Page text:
As Apple and Samsung head toward yet another trial, Apple filed a motion for sanctions, accusing Samsung of violating the protective order in the case. Apple's motion asserted that Samsung's counsel had improperly shared information under the protective order with executives at Samsung.
The court began its analysis with a discussion of the importance of protective orders: "Time and again in competitor patent cases, parties resist producing confidential information to their adversaries' lawyers. They fear, among other things, that the lawyers will insufficiently shield the information from the competitors that they represent. Yet time and again, the court assuages these fears with assurances that a protective order will keep the information out of the competitors' hands. A casual observer might reasonably wonder what magic a protective order works that allows outside counsel access to confidential information to advance the case without countenancing untoward uses by the client. The answer is not a magical one at all: confidential information remains confidential because counsel and clients alike follow court orders. If parties breach this basic rule, the court's assurances become meaningless. There is reason to believe the rule has been breached in the present case."
The court then explained that during the fact discovery, Apple produced copies of a number of its patent license agreements, including a June 2011 license between Apple and Nokia. Apple marked the Apple-Nokia license as "Highly Confidential --Attorney Eyes' Only" as permitted by the court's protective order.
During expert discovery, Samsung's outside counsel sent Samsung a draft expert report and the report addressed "damages to be awarded for Apple's alleged infringement of Samsung's asserted declared-essential patents. Because it addressed highly confidential, attorneys' eyes only information, the report should have been fully redacted of that information before it was sent. However, intentionally or inadvertently, it was not. The report as distributed included key terms of each of the four Apple license agreements. Samsung's outside counsel posted the report on an FTP site that was accessible by Samsung personnel."
After that, the information was sent to over 50 different Samsung personnel, including several high ranking executives. Apple contended that Samsung executives had then disclosed to Nokia that they had the confidential information. The court then noted that "Samsung is unable to provide evidence on even the most basic questions, such as: who has now had access to the confidential licensing information? For what purpose? When? Where? How? Has Samsung relied on any of the confidential information in taking any position before any other court or jurisdiction? Exactly what steps has Samsung taken to prevent dissemination and use of the confidential information in the future? In each instance, the only response available seems to be, 'We're working on it.'"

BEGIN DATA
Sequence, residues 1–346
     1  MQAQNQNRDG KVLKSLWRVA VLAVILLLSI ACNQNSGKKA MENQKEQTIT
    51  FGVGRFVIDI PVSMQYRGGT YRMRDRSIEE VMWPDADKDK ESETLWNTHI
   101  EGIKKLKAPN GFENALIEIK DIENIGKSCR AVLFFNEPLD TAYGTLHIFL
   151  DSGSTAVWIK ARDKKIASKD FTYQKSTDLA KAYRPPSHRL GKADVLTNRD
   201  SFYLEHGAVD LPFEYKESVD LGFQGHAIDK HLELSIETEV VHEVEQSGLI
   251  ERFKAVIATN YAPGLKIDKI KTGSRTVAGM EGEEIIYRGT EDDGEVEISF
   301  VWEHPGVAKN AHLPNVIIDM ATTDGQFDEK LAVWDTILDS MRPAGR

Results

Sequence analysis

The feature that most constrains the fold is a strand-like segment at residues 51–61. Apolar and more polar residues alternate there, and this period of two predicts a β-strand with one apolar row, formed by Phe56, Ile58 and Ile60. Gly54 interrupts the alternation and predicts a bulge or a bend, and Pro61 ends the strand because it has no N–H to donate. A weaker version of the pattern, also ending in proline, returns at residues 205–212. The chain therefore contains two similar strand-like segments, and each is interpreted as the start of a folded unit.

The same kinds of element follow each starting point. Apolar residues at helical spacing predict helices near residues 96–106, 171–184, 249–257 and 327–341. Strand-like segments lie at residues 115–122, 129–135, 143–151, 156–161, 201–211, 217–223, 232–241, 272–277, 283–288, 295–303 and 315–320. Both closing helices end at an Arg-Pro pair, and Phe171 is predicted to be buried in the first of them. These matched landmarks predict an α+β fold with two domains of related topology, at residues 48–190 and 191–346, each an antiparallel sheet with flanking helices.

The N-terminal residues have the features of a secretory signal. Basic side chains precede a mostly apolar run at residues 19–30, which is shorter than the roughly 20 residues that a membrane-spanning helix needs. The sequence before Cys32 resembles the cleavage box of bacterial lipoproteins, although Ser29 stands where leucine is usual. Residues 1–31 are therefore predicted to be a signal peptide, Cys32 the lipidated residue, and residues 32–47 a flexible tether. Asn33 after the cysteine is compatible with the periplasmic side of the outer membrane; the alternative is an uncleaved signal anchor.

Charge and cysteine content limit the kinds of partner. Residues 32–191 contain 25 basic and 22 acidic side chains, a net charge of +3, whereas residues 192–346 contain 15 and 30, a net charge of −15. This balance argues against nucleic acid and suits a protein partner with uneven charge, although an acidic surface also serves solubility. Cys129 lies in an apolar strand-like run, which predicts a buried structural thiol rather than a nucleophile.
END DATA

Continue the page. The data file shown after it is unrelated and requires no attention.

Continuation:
The court found that Samsung's efforts to investigate were insufficient. "Whether the actions of Samsung and its counsel are worthy of sanctions, and what those sanctions might be, the court cannot yet say. However, it can say that letting Samsung and its counsel investigate this situation without any court supervision is unlikely to produce satisfactory results. Rarely is the fox permitted to investigate without supervision the disappearance of chickens at the henhouse. It is equally intolerable to allow this situation to fester for weeks, let alone months, with a second trial rapidly approaching. That would be just as unfair to those who may ultimately be shown to be innocent of any wrongdoing as to those who may have been significantly harmed by improper conduct."
Accordingly, the court ordered Samsung to produce emails from a number of its employees as well as make certain of its employees available for deposition. The court scheduled a hearing for later in the month after the discovery was completed.
Apple Inc. v. Samsung Electronics Co., LTD., Case No. CV 11-01846 LHK (N.D. Cal. Oct. 2, 2013)